ISIC invites Oxford Professor and award-winning barista to share the latest research on how the sensory experience of coffee affects the brain.
Coffee is one of the world’s most recognised and enjoyed tastes and aromas, but what exactly happens to the brain when we sense coffee? The Institute for Scientific Information on Coffee (ISIC), a not-for-profit organisation devoted to the study and disclosure of science related to coffee and health, has explored the sensory experience of coffee and its impact on the brain in a vodcast with Professor Charles Spence, an experimental psychologist and Head of the Crossmodal Research Laboratory based at the University of Oxford, and Charlene De Buysere, a world champion barista.
Drinking coffee provides a multisensory experience influenced not only by the type of coffee and preparation method, but by the environment in which it is consumed – even the colour of the mug1. The new vodcast, hosted on ISIC’s website, sees Prof Charles Spence explain how the experience of coffee might even start upon hearing the sound of a coffee machine2.
Sensory analysis is a science which allows us to analyse the impact of coffee on the human senses. Charlene De Buysere added: “The sensory profile of a cup of coffee varies according to the type and blend of coffee beans used, their geographical source, roasting method and preparation – all of which impact experience. For example, the level of roasting impacts aroma profiles and experts are able to differentiate between lighter roasts which can preserve herb and fruit notes, whilst darker roasts increase smoky and burnt aromas.”
Did you know…?
- Initially, aroma is sensed in the nose when we sniff (orthonasally), but also retronasally at the back of our mouth when we swallow3.
- Approximately 850 volatile compounds have been identified that are associated with flavour in coffee. Research suggests a small proportion of these (around 40 volatile compounds) contribute to its unique aroma4.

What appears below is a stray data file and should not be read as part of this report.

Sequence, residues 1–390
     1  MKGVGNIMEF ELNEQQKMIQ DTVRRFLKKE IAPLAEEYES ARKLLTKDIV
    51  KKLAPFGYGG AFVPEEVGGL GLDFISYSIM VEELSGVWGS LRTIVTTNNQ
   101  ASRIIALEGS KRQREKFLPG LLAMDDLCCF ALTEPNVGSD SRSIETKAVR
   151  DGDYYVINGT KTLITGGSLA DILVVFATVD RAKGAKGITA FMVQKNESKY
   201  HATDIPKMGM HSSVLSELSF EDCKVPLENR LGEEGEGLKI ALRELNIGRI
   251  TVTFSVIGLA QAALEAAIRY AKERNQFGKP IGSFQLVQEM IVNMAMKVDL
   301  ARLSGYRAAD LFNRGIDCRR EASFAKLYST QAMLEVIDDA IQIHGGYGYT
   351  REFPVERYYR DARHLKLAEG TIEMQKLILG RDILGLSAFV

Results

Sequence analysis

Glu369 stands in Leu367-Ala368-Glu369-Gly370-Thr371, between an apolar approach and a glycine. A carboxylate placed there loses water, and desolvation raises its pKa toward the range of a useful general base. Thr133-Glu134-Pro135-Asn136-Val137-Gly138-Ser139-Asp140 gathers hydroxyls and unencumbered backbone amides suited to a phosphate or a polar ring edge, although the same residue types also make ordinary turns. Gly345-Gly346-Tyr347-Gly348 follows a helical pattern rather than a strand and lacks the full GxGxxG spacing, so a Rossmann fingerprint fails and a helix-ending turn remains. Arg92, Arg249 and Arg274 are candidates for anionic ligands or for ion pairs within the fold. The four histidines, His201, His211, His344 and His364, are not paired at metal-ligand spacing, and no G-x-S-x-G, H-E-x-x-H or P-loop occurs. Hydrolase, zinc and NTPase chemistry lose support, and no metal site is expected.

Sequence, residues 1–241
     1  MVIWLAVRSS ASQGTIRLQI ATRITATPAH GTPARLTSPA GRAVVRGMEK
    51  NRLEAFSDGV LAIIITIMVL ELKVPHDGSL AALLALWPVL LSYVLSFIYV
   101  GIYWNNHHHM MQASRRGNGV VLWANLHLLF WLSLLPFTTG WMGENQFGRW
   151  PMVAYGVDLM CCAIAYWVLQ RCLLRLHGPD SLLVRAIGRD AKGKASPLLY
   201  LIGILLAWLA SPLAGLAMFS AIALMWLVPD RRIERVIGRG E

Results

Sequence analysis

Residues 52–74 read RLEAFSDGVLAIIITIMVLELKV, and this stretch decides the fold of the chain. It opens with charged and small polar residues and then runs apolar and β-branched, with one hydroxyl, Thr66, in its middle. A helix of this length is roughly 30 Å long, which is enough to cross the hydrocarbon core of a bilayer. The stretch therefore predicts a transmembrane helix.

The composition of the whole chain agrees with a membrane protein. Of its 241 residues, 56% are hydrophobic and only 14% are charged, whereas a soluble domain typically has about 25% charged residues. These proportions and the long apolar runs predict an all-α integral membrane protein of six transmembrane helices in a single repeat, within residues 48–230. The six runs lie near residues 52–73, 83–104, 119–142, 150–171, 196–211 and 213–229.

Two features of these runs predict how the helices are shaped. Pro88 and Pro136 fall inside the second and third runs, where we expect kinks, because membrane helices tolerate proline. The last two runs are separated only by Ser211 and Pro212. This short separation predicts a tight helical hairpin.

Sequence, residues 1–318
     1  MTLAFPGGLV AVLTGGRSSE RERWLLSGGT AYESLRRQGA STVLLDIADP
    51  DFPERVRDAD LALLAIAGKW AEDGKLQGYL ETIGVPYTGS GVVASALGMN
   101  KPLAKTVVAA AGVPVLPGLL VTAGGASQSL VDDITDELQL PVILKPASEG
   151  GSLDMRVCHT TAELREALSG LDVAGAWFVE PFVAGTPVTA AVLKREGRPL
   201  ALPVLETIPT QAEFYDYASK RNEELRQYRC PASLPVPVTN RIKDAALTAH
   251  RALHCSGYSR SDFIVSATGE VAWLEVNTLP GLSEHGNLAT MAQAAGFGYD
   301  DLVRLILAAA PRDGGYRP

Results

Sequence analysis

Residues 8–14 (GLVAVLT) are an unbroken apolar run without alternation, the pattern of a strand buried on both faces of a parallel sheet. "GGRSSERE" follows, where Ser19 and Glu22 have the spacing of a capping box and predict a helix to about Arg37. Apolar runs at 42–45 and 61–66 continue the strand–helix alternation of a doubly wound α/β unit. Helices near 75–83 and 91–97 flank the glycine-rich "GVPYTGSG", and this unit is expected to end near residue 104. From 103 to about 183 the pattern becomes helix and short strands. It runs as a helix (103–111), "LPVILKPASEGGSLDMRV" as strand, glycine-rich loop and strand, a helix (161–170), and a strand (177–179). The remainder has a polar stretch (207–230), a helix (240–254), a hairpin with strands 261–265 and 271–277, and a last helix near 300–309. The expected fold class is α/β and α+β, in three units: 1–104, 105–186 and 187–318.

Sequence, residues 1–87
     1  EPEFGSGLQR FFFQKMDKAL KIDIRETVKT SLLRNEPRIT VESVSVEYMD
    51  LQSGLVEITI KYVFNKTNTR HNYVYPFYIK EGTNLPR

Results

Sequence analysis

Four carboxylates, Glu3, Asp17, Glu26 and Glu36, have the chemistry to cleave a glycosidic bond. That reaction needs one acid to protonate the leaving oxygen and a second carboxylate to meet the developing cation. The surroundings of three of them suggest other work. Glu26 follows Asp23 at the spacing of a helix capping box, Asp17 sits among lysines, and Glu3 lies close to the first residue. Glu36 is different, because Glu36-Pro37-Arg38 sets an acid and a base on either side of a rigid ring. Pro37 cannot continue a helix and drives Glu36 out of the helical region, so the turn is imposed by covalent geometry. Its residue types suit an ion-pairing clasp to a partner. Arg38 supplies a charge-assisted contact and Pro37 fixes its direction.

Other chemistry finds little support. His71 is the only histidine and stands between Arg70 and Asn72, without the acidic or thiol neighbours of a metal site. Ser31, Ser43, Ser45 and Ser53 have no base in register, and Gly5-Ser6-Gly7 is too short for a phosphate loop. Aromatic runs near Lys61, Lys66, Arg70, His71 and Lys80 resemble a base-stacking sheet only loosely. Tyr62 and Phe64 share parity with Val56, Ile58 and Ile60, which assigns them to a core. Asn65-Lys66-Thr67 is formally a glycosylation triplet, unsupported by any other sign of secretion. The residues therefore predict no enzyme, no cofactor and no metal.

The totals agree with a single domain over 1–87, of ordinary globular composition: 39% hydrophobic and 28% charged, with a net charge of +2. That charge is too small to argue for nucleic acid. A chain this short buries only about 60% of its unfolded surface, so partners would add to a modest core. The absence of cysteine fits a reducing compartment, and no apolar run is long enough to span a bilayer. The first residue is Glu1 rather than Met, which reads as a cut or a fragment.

- Adding milk or sugar to coffee will alter the flavour profile5. If adding milk to a coffee, low-fat milk with smaller globules will better preserve a more intense coffee flavour than whole milk6.
- The colour of the cup can impact the perception of taste. For example, one study suggests the use of a white mug enhances the rating of intensity of a cup of coffee, and it was described as less sweet compared to coffee served in a transparent or a blue mug1.
- Another study on latte art revealed that an angular shape, relative to a more rounded shape, influenced people’s expectations concerning the likability, bitterness and quality of the drink7.
- Aroma is often associated with emotions or memories – therefore the smell of coffee may remind you of feelings from other coffee moments such as relaxation or perhaps alertness8.
- Further research is needed to determine whether the aroma of coffee alone is enough to enhance alertness in the morning or if this effect results from connections between sensorial experience and emotional memories.
- Prof Charles Spence comments: “Drinking a cup of coffee without one of the sensorial cues, for example without being able to smell the coffee aroma, will reduce the effect on the other senses and impact our experience and pleasure derived from drinking a cup of coffee. The experience is about much more than the smell or the taste of the coffee in that moment as research suggests that aroma can trigger emotions and evoke memories.”
- To view the vodcast, click here. To read ISIC’s full topic overview on Coffee and the Senses, click here.